The CPGC will fund successful applicants for these internships. Applications can be found here and are due on February 23. For more information, contact past MLUI interns Zoe McAlear ‘16, Claire Perry ‘14, and Marie Greaney ‘14; past Weaver’s Way interns Maya Nojechowicz ’16, Sara Jaramillo ’15, Ruthie Cartwright ’15, and David Roza ’15; and program coordinator Janice Lion at jlion@haverford.edu.

Joint Field Research

Ariel Levin and I (Caya Simonsen) spent two weeks of our winter break in Guatemala doing research for our senior theses. I was researching violence in Guatemala, looking at continuities and differences in the violence over time. Ari was researching indigenous women’s activism. It was an amazing experience to do a research project together, and I recommend this type of joint research to others! Part of our reasoning behind doing our research together was practical – I had agreed to interpret for Ari’s interviews and also for safety reasons we wanted to stay together during our time there, especially since neither of us had travelled to Guatemala before. However, there ended up being many additional benefits to doing our research together. On the one hand, it was very helpful to have the moral support of another person. Our interviews were often emotionally heavy, and it would have been a lot to handle for one person. It was good to know that there was someone else who was experiencing the same thing and who I could talk to about the interview afterwards. Working as a team was also academically beneficial. Sitting in on each other’s interviews helped us think about our own projects from a different perspective. After listening to Ari’s interviews, I decided to add another chapter to my thesis about social protest of mines and hydroelectrics. This topic came up in a lot of her interviews, and fits well into my thesis. Overall, it was a wonderful experience working on our research projects together in Guatemala. Far beyond the practical considerations, it was academically enriching and emotionally helpful to work with another student on my research project. It is not often that two students’ topics and research locations would converge this well to be able to collaborate with field research, but I am extremely glad that in our case they did.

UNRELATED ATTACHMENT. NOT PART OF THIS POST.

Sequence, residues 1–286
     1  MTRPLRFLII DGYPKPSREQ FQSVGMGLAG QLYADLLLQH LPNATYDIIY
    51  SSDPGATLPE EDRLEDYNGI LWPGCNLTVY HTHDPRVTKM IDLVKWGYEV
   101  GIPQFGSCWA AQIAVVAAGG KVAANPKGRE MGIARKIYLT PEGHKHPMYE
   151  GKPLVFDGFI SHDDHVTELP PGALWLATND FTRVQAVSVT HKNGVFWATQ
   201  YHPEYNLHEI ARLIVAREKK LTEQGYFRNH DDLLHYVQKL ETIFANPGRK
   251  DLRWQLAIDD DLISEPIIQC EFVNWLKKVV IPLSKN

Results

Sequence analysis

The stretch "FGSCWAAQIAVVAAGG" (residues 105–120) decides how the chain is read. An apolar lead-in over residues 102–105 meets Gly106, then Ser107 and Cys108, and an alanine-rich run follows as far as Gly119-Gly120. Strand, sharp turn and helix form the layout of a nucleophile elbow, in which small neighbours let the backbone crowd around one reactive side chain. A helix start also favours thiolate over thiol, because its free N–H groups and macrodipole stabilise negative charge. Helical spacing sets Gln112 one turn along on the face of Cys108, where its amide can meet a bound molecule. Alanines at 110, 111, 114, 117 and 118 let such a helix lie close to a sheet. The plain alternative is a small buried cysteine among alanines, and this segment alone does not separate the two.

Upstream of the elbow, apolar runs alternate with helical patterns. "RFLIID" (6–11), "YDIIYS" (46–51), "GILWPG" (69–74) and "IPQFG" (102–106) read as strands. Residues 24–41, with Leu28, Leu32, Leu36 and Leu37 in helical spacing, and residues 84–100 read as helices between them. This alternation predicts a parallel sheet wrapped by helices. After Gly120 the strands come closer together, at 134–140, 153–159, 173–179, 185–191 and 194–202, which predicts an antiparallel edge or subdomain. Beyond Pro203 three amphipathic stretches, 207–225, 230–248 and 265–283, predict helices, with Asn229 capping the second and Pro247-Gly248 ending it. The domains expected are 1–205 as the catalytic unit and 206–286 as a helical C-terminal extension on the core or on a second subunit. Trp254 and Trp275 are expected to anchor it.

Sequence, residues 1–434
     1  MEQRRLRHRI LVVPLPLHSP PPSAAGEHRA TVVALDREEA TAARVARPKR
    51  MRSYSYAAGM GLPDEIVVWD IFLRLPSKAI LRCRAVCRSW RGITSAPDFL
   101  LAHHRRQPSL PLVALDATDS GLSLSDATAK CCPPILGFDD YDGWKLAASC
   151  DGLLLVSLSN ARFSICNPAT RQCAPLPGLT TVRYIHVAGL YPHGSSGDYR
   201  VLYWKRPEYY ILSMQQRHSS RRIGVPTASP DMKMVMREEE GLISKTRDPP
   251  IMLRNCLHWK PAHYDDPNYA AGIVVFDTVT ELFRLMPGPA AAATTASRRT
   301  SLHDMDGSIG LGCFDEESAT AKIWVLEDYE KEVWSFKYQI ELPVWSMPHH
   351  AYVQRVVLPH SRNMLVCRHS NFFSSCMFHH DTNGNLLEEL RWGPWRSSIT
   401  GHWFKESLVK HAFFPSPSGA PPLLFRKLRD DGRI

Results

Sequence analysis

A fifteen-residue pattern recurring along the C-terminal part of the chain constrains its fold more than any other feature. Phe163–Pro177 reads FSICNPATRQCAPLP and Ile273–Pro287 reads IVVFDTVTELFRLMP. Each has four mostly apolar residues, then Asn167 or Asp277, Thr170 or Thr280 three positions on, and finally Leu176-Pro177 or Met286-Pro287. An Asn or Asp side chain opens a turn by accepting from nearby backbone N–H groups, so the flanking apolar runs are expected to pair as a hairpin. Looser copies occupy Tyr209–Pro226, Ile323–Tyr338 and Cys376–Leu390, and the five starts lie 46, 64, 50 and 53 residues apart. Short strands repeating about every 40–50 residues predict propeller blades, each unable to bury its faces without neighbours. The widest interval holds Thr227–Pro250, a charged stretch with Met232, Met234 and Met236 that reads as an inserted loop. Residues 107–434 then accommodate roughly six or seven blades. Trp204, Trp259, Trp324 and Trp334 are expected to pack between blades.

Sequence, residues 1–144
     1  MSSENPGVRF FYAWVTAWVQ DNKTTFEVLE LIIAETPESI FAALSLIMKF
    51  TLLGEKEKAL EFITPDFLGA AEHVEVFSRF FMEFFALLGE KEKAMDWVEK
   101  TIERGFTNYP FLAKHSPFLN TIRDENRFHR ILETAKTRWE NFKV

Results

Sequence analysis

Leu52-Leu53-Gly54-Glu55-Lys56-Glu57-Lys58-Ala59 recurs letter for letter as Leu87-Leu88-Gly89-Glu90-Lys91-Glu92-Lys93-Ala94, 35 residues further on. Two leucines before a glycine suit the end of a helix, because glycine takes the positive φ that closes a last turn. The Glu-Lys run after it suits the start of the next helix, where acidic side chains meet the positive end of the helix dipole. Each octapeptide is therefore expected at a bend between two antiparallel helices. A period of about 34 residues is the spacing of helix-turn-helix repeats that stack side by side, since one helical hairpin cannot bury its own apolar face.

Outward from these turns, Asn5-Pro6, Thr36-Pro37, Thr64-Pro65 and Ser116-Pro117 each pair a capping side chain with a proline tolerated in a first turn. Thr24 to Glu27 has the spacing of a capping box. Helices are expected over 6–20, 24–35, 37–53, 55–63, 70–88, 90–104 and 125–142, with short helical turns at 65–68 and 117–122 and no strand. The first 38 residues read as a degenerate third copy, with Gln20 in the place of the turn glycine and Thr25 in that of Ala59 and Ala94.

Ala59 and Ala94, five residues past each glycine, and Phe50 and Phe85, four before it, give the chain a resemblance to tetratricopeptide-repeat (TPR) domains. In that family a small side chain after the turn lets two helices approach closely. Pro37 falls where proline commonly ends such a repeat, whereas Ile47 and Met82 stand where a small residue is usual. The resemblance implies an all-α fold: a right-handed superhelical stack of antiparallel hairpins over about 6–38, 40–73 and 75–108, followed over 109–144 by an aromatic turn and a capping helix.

Footsteps to Follow: Promoting Women’s Health (January 15)

Sitting on the steps of her house– 18 years old and pregnant with her first child– Rosybel Blandon listened to a community health worker sensitize on reproductive health. Motivated by the health promoter’s insight on women’s health challenges , she thought to herself, “hey, I could do this”.

Years later, Rosybel goes door to door, wearing an apron equipped with condoms, charts, and diagrams and a dildo. “Buenos Dias,” she says, “I am a health promoter. Let’s talk about health- health of the family”.